Thursday, 3 November 2011


The other day John Key mocked Phil Goff over his costings with taunts of “show me the money.” Today Labour has released its costings. National will no doubt try and confuse matters. But one thing, as I demonstrated yesterday is that Key is dodgy with his own use of figures.

What cannot be disputed is that Key campaigned last election about reducing unemployment (it has grown from 95,000 to over 157,000), narrowing the wage gap with Australia (it has grown not reduced). Key chided Labour for the fact that 33,000 people had left our shores for Australia, yet under his leadership that figure has now grown to over 100,000. In addition we now have over 200,000 children living in poverty.

Meanwhile we have Key’s big idea from the 2009 jobs summit of building a national cycleway that would create some 4000 jobs. Aside from the interesting contradiction in using public spending to reduce unemployment (a contradiction because Key is actually reducing public sector jobs to increase unemployment), the actual number of jobs created by the cycleway is only 120.

As Phil Goff remarked today with the release of Labour’s figures, “show me the jobs!”

On the 3rd of November Key’s pronouncement about an increase in unemployment being proof that National’s policies are working was incredible. I quote from the Herald:

Prime Minister John Key has reacted to unemployment figures released this morning, saying more people are seeking work, and "confidence is coming back".
The figures showed the jobless rate unexpectedly rose in the third quarter, with little evidence the start of the Rugby World Cup drove an increase in casual workers to service the wave of tourists.
The unemployment rate rose to 6.6 per cent in the three months ended September 30 from 6.5 per cent in the June quarter, according to Statistics New Zealand's Household Labour Force Survey.

"More people are seeking work" and this is good? What planet is he on? The only reason more people are now seeking work, is that more people are out of work! This is weird it is like a cancer specialist telling a patient to relax because "relapse" means that they are cured. We would think the doctor was mad and change our specialist. Likewise with lunacy like Key’s, that an increase in unemployment shows the economy is on the up, New Zealanders should be waking up to the fact that it is time to change our Government as this current lot are out of touch and bereft of ideas.

The Second Leaders Debate

I smiled at watching John Key trying to get one over Phil Goff during the second leaders debate, with his shrill taunts, of, “show me the money, son!” He came across as an out of touch school bully who had lost the intellectual argument and reverted to shouting 'son' and 'show us the money'. Let us not forget that Key largely gained his experience at the now defunct Merrill Lynch, an investment business that went under through dodgy management from which fold Key was recruited into National. His so-called skill can be seen from his adding up in the Christchurch debate. $1.3 billion a year for 4 years is $5.2 billion not $6 billion (as claimed by Key) and over the previous three days his claims that Labour will increase debt have gone from $17 to $16 and last night $14 billion and all of this is done with double counting. Key adds in the projected short-term gain from asset sales to the cost of tax cuts. This is artifice they are two different things.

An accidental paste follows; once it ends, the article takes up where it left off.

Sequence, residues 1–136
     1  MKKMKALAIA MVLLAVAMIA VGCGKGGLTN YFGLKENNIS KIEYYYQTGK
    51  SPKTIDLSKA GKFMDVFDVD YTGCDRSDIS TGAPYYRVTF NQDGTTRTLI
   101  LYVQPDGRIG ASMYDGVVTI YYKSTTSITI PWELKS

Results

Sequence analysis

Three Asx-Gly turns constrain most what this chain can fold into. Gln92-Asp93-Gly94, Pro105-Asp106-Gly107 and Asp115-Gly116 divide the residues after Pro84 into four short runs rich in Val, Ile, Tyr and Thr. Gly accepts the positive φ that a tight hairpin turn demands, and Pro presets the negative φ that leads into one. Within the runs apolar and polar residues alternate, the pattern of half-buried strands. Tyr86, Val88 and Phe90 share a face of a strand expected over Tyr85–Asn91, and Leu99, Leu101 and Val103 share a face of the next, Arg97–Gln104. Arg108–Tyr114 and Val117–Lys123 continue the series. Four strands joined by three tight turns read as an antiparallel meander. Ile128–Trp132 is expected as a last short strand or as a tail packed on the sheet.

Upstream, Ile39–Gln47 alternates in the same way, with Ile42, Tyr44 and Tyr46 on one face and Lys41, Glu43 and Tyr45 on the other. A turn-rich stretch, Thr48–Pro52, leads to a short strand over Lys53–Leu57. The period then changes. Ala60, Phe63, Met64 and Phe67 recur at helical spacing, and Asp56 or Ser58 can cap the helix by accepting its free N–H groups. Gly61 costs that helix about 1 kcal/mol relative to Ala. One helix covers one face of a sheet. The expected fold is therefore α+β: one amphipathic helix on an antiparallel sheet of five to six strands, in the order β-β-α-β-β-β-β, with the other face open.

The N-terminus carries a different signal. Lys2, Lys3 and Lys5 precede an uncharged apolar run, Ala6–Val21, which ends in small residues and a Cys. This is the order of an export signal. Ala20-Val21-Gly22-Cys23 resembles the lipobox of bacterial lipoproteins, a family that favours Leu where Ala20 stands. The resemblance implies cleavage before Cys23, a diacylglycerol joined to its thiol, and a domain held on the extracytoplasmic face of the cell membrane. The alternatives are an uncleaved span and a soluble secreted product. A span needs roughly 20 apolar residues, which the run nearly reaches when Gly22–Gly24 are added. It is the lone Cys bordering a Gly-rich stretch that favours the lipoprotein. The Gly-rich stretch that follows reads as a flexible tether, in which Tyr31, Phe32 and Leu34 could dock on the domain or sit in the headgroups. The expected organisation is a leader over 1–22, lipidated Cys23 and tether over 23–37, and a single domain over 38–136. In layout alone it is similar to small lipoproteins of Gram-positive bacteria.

Key is claiming that not selling off assets will run up debt, this is a myth. Keeping the assets and the dividend they bring will help pay off debt and in the long run generate greater returns. Goff and Labour seem to have costed their policies to me, increase tax on those in the best position to pay more and introduce a Capital Gains Tax, which will over a period of time bring in billions.

I would rather have a long-term vision for New Zealand rather than short-termism from Key whose theory that tax cuts for the wealthy and cutting Government spending encourages growth has been rubbished by top experts. When President Obama uttered this mantra, the comments drew a rebuke from Nobel Prize-winning economist Paul Krugman, who said in a Web posting that Obama was embracing “the myth of expansionary austerity and the confidence fairy.” So here we go with Key, a brighter future consisting of shonky maths, and optimism sustained by myths and manipulation.

Tuesday, 1 November 2011

Welfare Changes Won't Lead to a Brighter Future

When National took over unemployment was at 17,710 it is now at 56,264. To force people to look for jobs that aren't there is bizarre. Similarly the solo mums I know don't "breed for the benefit." The way forward is to move people onto paying jobs. These changes don't create any jobs and just appeal to prejudices unsupported by facts or informed by reality.

These changes will do nothing to address the real concern that under National the gulf between rich and poor has grown and we now have 200,000 children living in poverty. These changes should not be seen as reforms, but rather a cheap shot appeal to the uninformed by a tired Government bereft of ideas and lacking in compassion.

Everyone would accept the basic premise that the way out of poverty is through paid work. But the corollary is that well-remunerated jobs must be available, along with quality childcare. Second, job seekers must have the necessary skills and health to be in those jobs, or be adequately supported to enable them to get the jobs available. National's benefit shake-up won't change this, unemployment has grown under National and there are an absence of jobs to actually look for.